Firstly, some indications are rare enough that there are very few patients available. On the other hand, abundant indications with high unmet clinical needs and commercial potential are crowded with competing clinical trials, which limit the number of patients left available to recruit. To address this, claims they can increase the speed of clinical trial enrollment (CTE) three times. Their system uses AI to identify patients eligible for clinical trials at the time of the evaluation. Thanks to AI-assisted disease detection and real-time access to the hospital imaging system, it quickly notifies the clinical and research team when a new patient is identified. The software also allows for pre-screening of candidates eligible for the trial in the health system it accesses. A similar solution is offered by Opyl. The number of such solutions will grow because, to quote Urtė Fultinavičiūtė from Clinical Trials Arena, they are “benefiting all stakeholders”. Urtė rightfully points out that such a solution is highly sought after in oncology. The main reason for this situation is that effective treatment is still an unmet clinical need for many types of cancer. Hence, patients actively seek better chances with newly developed drugs.

Algorithms and identifying diseases

Although diagnostics. especially biomarker assessment, is crucial for patient recruitment in clinical trials the field itself is much broader, and so are artificial intelligence applications here. Previously, this article touched on biomarker identification in massive patient datasets. Once identified, measurable biological features of patient, such as specific gene expression level, presence of a mutation, etc., are combined with an advanced algorithm to create a diagnostic assay.

As of January 2024, according to UTHealth San Antonio researchers, there have been 691 FDA-approved artificial intelligence and machine learning-enabled medical devices. Certainly, not everything can be called AI and some of the algorithms, being classical machine learning, have been in development for a while. The Medical Futurist lists approved AI/ML-based algorithms in a useful table referencing the approval number, algorithm type, and device or algorithm name and its purpose. Some examples of approved applications worth exploring are the detection of diabetic retinopathy (Idx – Digital Diagnostics – LumineticsCore) or diagnosis of liver and lung cancer on CT and MRI (Arterys MICA now offered in Pixel from Tempus). Those solutions are designed to change point-of-care practice and support doctors in the diagnostic process.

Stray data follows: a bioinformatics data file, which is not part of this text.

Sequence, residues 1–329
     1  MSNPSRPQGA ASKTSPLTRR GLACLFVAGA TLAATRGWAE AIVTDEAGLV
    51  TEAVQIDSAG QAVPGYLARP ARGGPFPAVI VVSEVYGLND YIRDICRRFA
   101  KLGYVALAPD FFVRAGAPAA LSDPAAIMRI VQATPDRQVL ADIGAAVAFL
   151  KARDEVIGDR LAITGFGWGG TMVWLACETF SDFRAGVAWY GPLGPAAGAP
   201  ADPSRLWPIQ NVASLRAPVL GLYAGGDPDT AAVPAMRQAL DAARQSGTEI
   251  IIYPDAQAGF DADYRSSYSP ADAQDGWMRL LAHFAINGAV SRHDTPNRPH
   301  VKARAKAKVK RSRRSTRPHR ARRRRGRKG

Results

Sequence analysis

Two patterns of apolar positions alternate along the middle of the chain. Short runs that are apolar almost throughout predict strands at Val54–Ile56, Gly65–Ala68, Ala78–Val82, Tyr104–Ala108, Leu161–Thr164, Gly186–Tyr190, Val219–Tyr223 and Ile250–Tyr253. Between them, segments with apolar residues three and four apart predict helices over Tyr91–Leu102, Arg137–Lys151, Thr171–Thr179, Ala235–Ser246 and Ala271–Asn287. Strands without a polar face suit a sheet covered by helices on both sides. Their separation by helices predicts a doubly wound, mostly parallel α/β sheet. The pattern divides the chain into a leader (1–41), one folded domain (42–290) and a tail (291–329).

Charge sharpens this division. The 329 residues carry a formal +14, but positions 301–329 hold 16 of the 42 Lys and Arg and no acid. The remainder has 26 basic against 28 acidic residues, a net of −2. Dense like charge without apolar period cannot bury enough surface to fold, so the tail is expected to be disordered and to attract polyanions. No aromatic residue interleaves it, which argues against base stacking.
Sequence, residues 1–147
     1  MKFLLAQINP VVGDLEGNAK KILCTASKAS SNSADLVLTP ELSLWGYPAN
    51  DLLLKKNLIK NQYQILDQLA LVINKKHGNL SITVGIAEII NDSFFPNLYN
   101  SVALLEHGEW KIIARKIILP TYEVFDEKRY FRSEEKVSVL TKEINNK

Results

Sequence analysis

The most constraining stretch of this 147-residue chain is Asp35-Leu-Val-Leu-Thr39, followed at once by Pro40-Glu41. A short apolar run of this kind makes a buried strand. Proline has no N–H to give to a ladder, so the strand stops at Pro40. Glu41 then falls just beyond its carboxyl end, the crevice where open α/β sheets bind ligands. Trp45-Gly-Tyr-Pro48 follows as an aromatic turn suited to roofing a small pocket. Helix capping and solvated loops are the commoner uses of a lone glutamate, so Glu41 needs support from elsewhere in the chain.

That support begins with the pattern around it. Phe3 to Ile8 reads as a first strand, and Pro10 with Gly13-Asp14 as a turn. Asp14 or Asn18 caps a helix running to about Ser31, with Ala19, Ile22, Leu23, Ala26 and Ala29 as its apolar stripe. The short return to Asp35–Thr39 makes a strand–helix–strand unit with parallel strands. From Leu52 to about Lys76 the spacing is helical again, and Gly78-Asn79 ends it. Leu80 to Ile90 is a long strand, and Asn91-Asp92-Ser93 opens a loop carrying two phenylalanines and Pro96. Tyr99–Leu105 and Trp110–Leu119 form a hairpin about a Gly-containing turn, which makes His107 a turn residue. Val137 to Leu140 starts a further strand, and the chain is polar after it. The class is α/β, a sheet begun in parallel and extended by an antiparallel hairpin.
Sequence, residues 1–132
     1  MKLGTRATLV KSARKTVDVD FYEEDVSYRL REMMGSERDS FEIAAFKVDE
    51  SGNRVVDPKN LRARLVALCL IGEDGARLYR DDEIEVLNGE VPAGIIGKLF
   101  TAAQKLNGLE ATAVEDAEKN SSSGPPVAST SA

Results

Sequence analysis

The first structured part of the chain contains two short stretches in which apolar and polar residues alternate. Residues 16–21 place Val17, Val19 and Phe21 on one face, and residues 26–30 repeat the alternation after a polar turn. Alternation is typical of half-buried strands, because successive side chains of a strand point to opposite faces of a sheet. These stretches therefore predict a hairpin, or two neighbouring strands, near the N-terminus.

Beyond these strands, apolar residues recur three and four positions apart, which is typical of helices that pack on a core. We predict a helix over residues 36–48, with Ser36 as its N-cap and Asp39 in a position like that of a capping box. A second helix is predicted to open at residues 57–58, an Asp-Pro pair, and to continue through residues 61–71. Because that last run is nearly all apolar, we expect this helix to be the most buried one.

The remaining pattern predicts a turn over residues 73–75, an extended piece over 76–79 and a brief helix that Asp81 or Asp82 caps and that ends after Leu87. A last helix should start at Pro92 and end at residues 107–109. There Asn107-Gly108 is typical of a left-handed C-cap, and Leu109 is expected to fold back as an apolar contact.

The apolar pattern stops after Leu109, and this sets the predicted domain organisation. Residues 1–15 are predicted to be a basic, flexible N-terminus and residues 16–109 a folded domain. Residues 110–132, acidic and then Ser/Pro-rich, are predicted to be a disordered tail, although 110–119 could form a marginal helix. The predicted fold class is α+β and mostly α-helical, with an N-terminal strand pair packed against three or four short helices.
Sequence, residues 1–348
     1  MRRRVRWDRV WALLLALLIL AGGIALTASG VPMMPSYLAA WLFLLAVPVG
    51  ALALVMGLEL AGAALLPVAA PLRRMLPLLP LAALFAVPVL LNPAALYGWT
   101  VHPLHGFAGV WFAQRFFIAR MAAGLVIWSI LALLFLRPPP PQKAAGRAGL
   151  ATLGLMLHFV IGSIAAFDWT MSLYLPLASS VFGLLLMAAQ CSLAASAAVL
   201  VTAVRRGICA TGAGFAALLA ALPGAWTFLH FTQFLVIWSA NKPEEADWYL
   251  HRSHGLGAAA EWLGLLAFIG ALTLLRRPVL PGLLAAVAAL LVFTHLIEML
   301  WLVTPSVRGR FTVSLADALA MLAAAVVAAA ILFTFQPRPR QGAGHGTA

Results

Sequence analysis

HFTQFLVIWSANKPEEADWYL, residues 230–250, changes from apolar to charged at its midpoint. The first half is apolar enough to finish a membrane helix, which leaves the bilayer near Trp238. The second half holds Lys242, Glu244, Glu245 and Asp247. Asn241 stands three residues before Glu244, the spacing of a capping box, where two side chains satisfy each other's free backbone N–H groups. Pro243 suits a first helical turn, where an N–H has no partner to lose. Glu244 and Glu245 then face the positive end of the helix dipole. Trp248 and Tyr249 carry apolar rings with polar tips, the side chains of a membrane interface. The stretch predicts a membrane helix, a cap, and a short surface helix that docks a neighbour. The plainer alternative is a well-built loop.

Patient care

For a few decades now, the collection of multi-omics data underlying cancer and other diseases has provided a huge resource for analytical algorithm development. Companion diagnostic reports built on genomics tests are already available to support clinicians in assessing precision therapy success chances. Such solutions previously did not need AI. However, this is changing, as AI-solutions help them reach higher quality and precision levels. Over the last few years, researchers in academia and companies have applied and used the idea of the Digital Twin/Molecular Twin.

In January of 2024, Arsen Osipov and his colleague published their work in Nature Cancer entitled “The Molecular Twin artificial-intelligence platform integrates multi-omic data to predict outcomes for pancreatic adenocarcinoma patients”. The concept of digital twin has already been used successfully in other industries, while in the pharmaceutical industry, it is being explored to save costs and improve collaboration when implementing biological processes and building cGMP factories. Toni Manzano and William Whitford examine in depth how AI improves digital twins in biopharma manufacturing on the pages of BioProcess International.

Furthermore, predictive models are also used in the patient care sector to solve pressing yet mundane tasks, such as optimizing hospital bed occupancy and patient queues. One company, Terawe, showed how they repurpose a solution created for other industries to suit hospital bed management, while The National University Health System in Singapore’s Endeavour AI platform can predict the occupancy of hospital beds up to 2 weeks ahead of time.

Remote patient monitoring with AI